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"And do this knowing the season, that now it is high time
to awake out of sleep; for now is our salvation nearer
than when we believed. The night is far spent,
the day is at hand."—Rom. 13:11,12 .

PREVIOUS to this exhortation the Apostle had been giving some wholesome counsel concerning the proper course of the Lord's people in the every-day duties of life. His advice seems to cover a wide range of the little vexing cares and trials that every one must meet, and shows us how to triumph in them through the mighty power of love. He evidently thought of the thin veneer of politeness in the world which so often covers deep-seated selfishness, and showed that our politeness and love should be only the genuine solid article, saying, "Let love be without dissimulation [pretence or hypocrisy]. Abhor that which is evil [abhor all shams and pretence]; cleave to that which is good. Be kindly affectioned one to another; in honor preferring one another." He thought of the temptations and vexations of our business intercourse with the world, and of its natural tendency to engross time, energy and thought in worldly things, and therefore counselled, not that we should give up all business, but that, while we should be energetic and "not slothful in business," we should be careful always to be "fervent in spirit, serving the Lord."

He thought of the depressing tendency of the ever-present cares of life, and of the persecutions in one form or another that are sure to come to those who will live godly; and so, while admitting that no trial can for the present be otherwise than grievous, he tells us that we may rejoice in hope; for the trial will not continue forever, and by and by it will bring forth the peaceable fruits of righteousness if we are rightly exercised thereby, and in the end the rewards of righteousness; and therefore he says we should be "patient in tribulation, continuing instant in prayer" for that grace which is promised according to our needs.

He thought of the poverty and losses of some and therefore counselled sympathy and hospitality—"Distributing to the necessity of saints, given to hospitality. Rejoice with them that do rejoice, and weep with them that weep. Be of the same mind one toward another. Mind not high things, but condescend to men of low estate. Be not wise in your own conceits. Bless [even] them which persecute you; bless and curse not. Recompense to no man evil for evil. Provide things honest in the sight of all men."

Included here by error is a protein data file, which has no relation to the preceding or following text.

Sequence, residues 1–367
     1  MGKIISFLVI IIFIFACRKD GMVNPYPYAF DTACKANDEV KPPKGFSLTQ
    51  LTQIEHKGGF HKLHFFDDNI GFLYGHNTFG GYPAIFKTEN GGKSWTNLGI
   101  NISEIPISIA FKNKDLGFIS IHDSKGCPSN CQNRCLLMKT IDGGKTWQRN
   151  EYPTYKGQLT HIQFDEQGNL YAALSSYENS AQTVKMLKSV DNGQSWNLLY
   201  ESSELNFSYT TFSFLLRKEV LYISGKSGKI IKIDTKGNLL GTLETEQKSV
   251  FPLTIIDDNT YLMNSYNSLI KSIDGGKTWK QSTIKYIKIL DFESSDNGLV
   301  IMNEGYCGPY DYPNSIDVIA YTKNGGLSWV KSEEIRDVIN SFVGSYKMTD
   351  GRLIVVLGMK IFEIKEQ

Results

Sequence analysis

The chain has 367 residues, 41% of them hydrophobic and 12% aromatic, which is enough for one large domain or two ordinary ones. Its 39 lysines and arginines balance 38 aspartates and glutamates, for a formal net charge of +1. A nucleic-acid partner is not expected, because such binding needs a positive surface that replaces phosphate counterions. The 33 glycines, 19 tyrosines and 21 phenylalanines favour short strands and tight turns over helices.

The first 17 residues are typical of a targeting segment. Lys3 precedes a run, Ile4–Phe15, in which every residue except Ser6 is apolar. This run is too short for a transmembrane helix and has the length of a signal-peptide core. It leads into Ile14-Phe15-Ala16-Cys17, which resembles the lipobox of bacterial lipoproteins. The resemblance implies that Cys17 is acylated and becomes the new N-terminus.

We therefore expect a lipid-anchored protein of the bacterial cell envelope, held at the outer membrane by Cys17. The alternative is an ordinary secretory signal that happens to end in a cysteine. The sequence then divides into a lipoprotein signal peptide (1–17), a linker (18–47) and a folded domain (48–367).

He thought of the numerous vexations arising from contact with those of undisciplined hearts and said, "If it be possible, as much as lieth in you, live peaceably with all men. Dearly beloved, avenge not yourselves, but rather give place unto wrath; for it is written, Vengeance is mine, I will repay, saith the Lord. Therefore, if thine enemy hunger, feed him; if he thirst, give him drink: for in so doing thou shalt heap coals of fire on his head. [You will thus make him ashamed of his own conduct in contrast with yours.]"

Finally, he says, "Be not overcome of evil [do not allow the trials of life to make you sour, or vindictive, or cold and unsympathetic; nor allow the more favorable circumstances to make you proud or highminded or wise in your own conceits]; but overcome evil [of every kind] with good."

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Then he instructs us to be law-abiding and God-honoring citizens in the communities in which we live—"Rendering to all their dues: tribute to whom tribute is due; custom to whom custom; fear [respectful deference or submission] to whom fear; honor to whom honor." And after pointing to the several commandments of the moral law he adds, "If there be any other commandment, it is briefly comprehended in this saying, namely, Thou shalt love thy neighbor as thyself. Love worketh no ill to his neighbor: therefore love is the fulfilling of the law."

Yes, love; supreme love to God and then to the neighbor as to self, is that disposition of heart that will make us victorious in every trial and temptation. In its operations toward God it lays hold by faith upon his mighty power; it trusts his wisdom and his guidance; it takes his standpoint of observation and patiently waits the outworking of his deep designs, rejoicing in hope; and is persevering and faithful through all the painful processes that lead on to victory. In its operations toward our fellow-men it is pure, peaceable, kind, forbearing, gentle, sympathetic, tender, and in strict conformity to the golden rule.